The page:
This is a head-scratcher: Stay with me on this: What is a colon? A colon is to inform the reader that what follows that colon proves, explains, defines, describes, or lists elements of what had preceded it. In modern American English usage, a complete sentence precedes a colon, and what follows is a list, description, explanation, or definition of that sentence. The elements which follow the colon may or may not be a complete sentence: since the colon is preceded by a sentence, it is a complete sentence whether what follows the colon is another sentence or not.
A period is a punctuation mark indicating a full stop, placed at the end of declarative sentences, as well as other statements thought to be complete, also called full stop. Every sentence that’s not an exclamation or a question must end with a period. The vast majority of sentences are called declarative statements --- statements that just say something and therefore end in a period. Full stop explains itself: a full stop, as a full or perfect point is obviously not an imperfect point or stop. It is hard to believe there is any other case in life in which a thing so small as the period carries so much force.
Here’s the verse in question:
Dan.9:26, “After (word of time future) threescore and two weeks (62 weeks) shall Messiah be cut off (divorced from the Jews) but (flipside) not for himself: and the people of the prince that shall come shall destroy the city and the sanctuary; and the end thereof shall be with a flood, and unto (until) the end of the war desolations are determined.”
In the King James Bible, a colon comes after the pronoun, “himself:” But in many other Bibles, the colon has been changed to a period, some of them being, the Douay Version of the Catholic Bible: The New World Translation of the Jehovah Witnesses: The Amplified Bible: New International Bible (N.I.V.) Thompson Chain Reference Bible, The Reformation Study Bible and others.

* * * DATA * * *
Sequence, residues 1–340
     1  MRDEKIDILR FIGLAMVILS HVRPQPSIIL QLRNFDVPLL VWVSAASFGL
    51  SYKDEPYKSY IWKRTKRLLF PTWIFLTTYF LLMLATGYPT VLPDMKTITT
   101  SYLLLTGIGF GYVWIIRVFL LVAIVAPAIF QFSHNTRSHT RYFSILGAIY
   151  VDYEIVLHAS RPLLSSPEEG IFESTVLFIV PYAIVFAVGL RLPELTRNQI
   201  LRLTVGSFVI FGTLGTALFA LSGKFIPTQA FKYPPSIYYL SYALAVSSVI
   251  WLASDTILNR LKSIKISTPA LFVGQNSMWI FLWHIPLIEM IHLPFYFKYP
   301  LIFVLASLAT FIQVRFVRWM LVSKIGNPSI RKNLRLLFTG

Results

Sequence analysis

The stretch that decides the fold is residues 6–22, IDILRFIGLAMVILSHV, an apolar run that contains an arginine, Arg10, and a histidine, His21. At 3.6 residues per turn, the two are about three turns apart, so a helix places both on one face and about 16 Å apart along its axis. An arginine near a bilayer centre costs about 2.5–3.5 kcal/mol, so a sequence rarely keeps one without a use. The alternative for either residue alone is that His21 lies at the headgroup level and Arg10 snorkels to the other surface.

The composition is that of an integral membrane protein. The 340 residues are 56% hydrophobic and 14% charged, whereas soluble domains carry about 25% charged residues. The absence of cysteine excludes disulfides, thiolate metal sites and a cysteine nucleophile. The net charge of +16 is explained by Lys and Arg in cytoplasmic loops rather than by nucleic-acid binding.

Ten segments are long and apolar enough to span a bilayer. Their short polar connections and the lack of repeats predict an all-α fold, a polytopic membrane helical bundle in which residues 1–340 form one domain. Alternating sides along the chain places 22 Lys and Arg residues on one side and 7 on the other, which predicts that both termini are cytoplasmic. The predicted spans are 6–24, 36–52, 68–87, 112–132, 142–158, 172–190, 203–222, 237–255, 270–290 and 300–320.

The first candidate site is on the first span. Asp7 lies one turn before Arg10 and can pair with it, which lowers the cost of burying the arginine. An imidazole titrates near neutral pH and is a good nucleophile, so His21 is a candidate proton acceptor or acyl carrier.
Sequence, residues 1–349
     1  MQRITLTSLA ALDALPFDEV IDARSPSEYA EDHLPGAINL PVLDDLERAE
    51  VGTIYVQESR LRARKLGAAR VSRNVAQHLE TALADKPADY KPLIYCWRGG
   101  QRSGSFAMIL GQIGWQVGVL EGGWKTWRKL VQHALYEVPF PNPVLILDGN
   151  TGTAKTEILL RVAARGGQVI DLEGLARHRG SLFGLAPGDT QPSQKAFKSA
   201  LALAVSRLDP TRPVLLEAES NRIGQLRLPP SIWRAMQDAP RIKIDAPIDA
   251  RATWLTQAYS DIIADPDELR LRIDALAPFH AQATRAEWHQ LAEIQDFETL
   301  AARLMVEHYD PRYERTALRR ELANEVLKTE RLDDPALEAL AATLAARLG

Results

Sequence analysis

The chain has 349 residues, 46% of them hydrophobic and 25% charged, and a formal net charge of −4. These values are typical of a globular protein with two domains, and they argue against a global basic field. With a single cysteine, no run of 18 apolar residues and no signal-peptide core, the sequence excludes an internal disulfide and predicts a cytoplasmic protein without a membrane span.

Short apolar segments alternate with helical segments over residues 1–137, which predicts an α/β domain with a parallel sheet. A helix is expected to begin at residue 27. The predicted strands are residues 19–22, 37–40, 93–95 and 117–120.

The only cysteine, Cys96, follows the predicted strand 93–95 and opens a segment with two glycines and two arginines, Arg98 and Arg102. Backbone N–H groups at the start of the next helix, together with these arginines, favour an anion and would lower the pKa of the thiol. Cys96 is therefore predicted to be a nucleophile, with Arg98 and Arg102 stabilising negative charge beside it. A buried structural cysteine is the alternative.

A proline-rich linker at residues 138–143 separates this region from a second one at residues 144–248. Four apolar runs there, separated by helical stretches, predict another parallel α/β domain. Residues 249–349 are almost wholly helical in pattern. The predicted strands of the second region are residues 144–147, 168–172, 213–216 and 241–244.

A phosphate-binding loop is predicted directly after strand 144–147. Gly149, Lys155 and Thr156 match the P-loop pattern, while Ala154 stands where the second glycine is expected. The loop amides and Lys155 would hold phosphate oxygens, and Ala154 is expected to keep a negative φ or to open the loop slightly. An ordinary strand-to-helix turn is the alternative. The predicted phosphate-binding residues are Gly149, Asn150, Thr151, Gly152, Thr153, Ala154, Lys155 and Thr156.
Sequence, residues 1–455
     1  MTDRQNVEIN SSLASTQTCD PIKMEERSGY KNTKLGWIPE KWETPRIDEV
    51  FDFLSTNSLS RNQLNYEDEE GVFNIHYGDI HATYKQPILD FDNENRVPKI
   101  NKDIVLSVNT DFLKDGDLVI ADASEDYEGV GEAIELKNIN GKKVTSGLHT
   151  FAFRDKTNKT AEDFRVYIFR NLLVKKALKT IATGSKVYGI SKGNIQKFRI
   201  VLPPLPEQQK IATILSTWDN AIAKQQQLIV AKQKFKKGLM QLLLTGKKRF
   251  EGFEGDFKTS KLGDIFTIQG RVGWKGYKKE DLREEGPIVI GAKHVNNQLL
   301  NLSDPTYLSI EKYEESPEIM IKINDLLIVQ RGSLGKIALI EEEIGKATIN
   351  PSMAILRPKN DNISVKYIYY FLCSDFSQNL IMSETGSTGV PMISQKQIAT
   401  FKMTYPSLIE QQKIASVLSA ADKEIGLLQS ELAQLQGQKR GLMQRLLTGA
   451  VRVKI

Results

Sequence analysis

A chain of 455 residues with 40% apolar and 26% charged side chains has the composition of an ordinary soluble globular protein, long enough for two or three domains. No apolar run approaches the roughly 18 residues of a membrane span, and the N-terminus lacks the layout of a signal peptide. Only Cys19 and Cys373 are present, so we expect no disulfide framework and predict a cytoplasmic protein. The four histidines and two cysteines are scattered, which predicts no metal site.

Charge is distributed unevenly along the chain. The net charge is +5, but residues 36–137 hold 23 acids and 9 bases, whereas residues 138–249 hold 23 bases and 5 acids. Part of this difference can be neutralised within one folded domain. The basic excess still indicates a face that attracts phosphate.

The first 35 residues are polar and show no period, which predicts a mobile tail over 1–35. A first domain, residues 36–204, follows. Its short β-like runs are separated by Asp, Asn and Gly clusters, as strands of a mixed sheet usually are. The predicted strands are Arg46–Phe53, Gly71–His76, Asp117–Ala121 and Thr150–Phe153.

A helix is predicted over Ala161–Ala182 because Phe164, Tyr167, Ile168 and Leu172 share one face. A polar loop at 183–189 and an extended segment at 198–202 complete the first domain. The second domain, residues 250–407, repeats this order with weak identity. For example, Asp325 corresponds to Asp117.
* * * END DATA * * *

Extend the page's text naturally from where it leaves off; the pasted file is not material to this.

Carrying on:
The K.J.B. uses a colon, as did the Geneva Bible. Also, I have at home an 1806 Bible written by Matthew Henry that has a semi-colon, a couple of 1830 Bibles and a 1905 Self-Interpreting Bible that uses a semi-colon.
Let me quote from R.C. Sproul’s introduction in The Reformation Study Bible that closes Daniel 9:26 with a period.
Dr. Sproul wrote concerning “The Geneva Bible published in 1560, (before the K.J.B.) carefully designed to be accurate and understandable. It being the 1st English Bible to use verse divisions, as “most profitable for memory” ---- It “Dominated the English-speaking world for a hundred years. It was used by Shakespeare. The King James Bible was published in 1611 but did not supplant the Geneva Bible until fifty years later. The Pilgrims and Puritans carried the Geneva Bible to the shores of the New World. American colonists were reared on the Geneva Bible. They read it, studied it, and sought to live by its light.”
The Geneva Bible uses a colon. Yet the Reformation Study Bible uses a period. Now don’t get me wrong, I believe Dr. Sproul is one of the great modern day Biblical teachers of this century, the man is brilliant, but, he let this one slide by him.